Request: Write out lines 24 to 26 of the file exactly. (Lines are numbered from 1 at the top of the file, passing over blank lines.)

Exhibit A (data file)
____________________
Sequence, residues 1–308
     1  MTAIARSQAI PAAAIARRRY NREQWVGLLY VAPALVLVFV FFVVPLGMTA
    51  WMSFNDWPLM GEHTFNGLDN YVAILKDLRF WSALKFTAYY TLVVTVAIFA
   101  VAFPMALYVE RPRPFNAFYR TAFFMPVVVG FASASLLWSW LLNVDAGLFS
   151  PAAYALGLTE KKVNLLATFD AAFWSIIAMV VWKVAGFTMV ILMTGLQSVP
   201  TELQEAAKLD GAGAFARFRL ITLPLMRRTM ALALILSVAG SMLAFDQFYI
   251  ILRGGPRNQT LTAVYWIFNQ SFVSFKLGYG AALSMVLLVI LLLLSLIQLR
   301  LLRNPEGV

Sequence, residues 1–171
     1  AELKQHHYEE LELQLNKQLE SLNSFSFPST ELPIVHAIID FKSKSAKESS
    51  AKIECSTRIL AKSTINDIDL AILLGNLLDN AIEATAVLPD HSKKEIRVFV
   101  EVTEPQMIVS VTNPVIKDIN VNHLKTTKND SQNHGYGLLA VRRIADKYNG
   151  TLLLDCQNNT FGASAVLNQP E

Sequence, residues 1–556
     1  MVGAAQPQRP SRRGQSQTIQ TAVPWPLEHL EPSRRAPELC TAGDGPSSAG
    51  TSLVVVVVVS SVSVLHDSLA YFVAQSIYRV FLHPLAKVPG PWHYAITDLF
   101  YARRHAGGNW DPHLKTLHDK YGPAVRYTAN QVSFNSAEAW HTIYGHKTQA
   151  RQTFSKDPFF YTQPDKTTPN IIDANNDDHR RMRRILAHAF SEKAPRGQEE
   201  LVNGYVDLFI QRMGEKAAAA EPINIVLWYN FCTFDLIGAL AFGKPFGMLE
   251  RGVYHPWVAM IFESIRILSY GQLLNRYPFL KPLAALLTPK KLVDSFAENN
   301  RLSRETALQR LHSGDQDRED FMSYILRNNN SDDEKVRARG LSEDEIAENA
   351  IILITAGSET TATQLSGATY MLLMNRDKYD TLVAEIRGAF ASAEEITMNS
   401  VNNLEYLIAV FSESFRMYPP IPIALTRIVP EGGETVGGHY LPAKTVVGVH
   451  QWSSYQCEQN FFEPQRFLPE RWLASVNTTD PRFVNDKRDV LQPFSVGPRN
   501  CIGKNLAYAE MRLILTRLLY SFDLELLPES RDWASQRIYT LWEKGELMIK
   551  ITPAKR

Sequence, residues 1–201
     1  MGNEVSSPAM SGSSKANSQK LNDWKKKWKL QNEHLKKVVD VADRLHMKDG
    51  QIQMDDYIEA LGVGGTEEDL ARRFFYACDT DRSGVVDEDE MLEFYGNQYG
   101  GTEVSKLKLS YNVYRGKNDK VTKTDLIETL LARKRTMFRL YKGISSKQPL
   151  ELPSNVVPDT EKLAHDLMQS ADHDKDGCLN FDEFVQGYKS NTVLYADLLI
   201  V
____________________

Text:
   451  QWSSYQCEQN FFEPQRFLPE RWLASVNTTD PRFVNDKRDV LQPFSVGPRN
   501  CIGKNLAYAE MRLILTRLLY SFDLELLPES RDWASQRIYT LWEKGELMIK
   551  ITPAKR